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Preaching on Tobacco Road
  1. PO Box 133
  2. Wilmore, Kentucky 40390, USA;

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    My wife Becky and two sons moved with me from southeast Alabama to Kentucky in January 1989, so I could attend a seminary. In June I was assigned two United Methodist churches about 120 miles southwest of the seminary. Almost all of my church people raised tobacco or worked with it in some capacity. My life was so busy that I decided to start walking the 12 miles from where we were staying to the church, to try to listen to God. During this walk I discovered notices in business windows about a local celebration of the traditional annual Tobacco Day festival. I read how the local kids were involved in different tobacco contests, such as processing and handling, as well as the “spit contest”. While walking past this sign, I would think how wrong this was, and how I should raise this concern in a preaching message. But I also reflected how risky it would be, and how it would probably alienate me from some of the members. While walking through this small town and on the country roads, I began to build relationships with people. The tobacco message continued to burn in my heart, but it seemed like I was running from it.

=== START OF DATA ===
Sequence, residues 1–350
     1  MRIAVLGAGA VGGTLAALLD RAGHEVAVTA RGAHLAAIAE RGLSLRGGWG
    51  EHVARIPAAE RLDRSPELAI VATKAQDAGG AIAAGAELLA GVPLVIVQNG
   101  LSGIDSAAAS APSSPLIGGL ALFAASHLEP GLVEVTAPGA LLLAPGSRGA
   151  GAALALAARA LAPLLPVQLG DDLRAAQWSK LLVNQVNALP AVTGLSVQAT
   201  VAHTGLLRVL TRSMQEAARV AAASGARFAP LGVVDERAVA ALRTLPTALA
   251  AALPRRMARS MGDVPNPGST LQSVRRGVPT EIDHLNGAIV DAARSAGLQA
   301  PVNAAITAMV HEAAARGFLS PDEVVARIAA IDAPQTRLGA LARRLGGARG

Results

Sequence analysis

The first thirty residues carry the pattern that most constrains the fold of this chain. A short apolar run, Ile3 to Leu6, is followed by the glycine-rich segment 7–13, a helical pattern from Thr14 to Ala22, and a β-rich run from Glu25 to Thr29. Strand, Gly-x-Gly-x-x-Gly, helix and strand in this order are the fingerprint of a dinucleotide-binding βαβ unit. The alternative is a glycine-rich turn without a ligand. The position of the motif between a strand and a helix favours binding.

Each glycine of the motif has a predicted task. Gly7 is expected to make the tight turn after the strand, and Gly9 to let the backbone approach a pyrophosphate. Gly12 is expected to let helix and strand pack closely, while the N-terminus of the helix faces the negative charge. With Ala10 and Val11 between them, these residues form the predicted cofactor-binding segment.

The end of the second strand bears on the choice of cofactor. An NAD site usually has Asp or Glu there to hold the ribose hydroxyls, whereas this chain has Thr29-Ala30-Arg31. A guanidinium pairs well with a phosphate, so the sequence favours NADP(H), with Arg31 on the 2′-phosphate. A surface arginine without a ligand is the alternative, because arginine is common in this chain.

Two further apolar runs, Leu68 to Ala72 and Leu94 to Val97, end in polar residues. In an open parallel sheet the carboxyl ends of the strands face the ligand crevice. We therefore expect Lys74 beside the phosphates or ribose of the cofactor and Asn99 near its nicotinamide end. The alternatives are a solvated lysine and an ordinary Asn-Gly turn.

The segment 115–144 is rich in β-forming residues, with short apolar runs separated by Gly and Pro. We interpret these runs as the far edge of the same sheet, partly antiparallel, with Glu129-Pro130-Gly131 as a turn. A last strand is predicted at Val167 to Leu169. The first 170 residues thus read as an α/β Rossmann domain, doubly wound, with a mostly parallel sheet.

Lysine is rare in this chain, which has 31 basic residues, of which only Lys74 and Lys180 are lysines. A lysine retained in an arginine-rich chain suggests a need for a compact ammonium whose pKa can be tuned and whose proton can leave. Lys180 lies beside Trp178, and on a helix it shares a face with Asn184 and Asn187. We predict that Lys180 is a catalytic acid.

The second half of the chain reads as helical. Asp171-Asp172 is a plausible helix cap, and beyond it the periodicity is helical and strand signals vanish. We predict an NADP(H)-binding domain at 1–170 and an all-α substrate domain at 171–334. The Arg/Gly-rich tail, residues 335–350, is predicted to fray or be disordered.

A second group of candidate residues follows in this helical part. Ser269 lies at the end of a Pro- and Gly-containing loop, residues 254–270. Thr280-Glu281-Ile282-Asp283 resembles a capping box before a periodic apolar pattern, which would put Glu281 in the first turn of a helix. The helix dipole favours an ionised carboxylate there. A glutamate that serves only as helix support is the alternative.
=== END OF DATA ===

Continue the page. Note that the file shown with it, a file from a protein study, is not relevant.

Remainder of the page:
The Temperance League of Kentucky addresses the issues of alcoholism and other alcohol-related problems, gambling, pornography, and other moral and spiritual issues. After searching its literature and finding nothing about tobacco, I wrote to the executive director, Reverend Claude M Witt, asking why this “killer product” was not included in their attacks. Reverend Witt replied:

    “Thank you for your recent letter and concern about tobacco. The Temperance League does oppose the use of tobacco and we discourage its use. We have found that other organizations such as American Lung Association and American Heart Association have …

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